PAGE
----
Dave pays a price to rev those pushrod motors so hard, though: the cases crack around the main bearing journals, and rod bearings (which, brace yourself, cost $1,000 a piece) heat up and fail. Whereas motors used to last a few races between major rebuilds, Zanotti Racing now has to inspect them thoroughly after every race.
There are subtle differences in tuning philosophies among top builders. It seems that the smaller restrictor plates have caused oversized valves to fall out of vogue a little. Compression ratios vary. Dave told me that although he likes to stay in the 10:1-11:1 range, he's heard of people running as high as 14:1. While no one wants to share the intimate details of their XR builds, he did describe Zanotti Racing's approach in general terms. Basically, Dave’s goal is to lighten internals a bit to allow the motor to spin to higher rpm. The trick is doing that in a motor with that dirt-friendly close firing order, without letting the motor shake itself apart. (Remember 'twingles'? Even closer firing orders, even more dirt friendly, but too fragile.)
"I have an environmental company," Dave told me. "But I never stop thinking about the race team. Every day, I'll be driving out to a work site or sitting in a meeting with clients, thinking about tweaking a PVL ignition to get a hotter spark, or trying different exhaust cones.”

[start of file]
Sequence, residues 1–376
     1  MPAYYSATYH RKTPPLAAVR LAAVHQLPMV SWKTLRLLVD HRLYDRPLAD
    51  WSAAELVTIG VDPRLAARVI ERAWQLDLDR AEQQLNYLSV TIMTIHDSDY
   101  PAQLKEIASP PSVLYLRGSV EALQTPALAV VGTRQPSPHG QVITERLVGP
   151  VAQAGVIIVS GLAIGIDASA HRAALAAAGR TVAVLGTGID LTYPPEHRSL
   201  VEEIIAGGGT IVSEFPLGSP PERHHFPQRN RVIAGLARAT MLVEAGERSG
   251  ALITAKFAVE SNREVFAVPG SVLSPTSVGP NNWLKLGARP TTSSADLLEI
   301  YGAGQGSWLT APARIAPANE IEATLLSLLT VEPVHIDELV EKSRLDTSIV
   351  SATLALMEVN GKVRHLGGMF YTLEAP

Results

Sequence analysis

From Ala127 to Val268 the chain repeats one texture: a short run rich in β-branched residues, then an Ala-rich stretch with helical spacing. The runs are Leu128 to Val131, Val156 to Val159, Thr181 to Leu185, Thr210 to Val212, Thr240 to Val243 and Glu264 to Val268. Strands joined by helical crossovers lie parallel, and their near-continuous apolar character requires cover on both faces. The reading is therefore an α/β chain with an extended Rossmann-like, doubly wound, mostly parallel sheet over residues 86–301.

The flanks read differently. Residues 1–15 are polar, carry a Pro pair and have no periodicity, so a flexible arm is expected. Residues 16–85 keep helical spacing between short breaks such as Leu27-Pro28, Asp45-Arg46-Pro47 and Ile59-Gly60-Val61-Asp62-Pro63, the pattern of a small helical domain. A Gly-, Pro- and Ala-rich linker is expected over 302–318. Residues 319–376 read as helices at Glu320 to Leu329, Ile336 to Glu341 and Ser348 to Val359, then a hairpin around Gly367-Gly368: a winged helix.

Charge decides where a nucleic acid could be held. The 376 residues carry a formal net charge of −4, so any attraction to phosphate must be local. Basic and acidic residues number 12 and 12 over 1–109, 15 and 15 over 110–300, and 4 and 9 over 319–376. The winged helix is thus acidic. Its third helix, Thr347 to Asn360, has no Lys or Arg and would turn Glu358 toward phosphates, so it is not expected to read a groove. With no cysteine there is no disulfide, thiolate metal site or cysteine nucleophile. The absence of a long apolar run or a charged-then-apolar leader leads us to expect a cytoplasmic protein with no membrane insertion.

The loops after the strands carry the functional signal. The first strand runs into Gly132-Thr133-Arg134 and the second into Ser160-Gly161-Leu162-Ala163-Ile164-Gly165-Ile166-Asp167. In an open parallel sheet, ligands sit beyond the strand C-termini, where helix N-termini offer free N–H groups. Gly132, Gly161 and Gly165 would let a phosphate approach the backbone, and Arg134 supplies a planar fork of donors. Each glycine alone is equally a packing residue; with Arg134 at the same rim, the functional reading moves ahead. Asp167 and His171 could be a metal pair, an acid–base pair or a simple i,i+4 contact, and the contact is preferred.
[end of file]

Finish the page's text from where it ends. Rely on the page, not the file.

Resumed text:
Mostly though, Zanotti's preparation philosophy recognizes that to finish first, you have to first finish. "My mechanic is just so finicky," he told me. "If other teams realized how much attention to detail we put into preparing for every race....”
What keeps Zanotti in the Harley-Davidson camp is his conviction that XR-powered bikes still out-handle all their rivals on the track. Dave thinks it's down to the heavy old crankshaft being located so close to the front wheel that bikes can keep weight on the front and steer better through the turns.
"Other motors probably have 20 more horsepower, but if you can't put it to the ground, it's not going to do you any good," Dave told me. And so, Zanotti Racing will spend thousands of dollars and hundreds of hours preparing Jake's XR-750 for Springfield, where—fingers crossed—it will run just about wide open, non-stop, for 25 miles.
"We put so much time into this," Dave told me as our conversation was coming to a close. "None of us get paid, and maybe that's part of our success. We don't have to do it, we want to do it."
Then he mixed a funny metaphor, making a statement that made me smile and think, “This is why I'm a journalist.”
"When you have a rider that steps up,” Dave told me, “it's like a dog that steps up on your porch. Once you feed it, you have to keep feeding it, because he's going to come back. When someone starts depending on you, you have to follow through. We feel that we have to work to our full potential, because our rider's giving us his full potential."
Finally—and I think he was talking about a race team, but it also applies to that big crate of parts you get from Harley-Davidson when you order a new XR-750 motor—Dave said, "When it all comes together, it's a beautiful thing."
blog comments powered by Disqus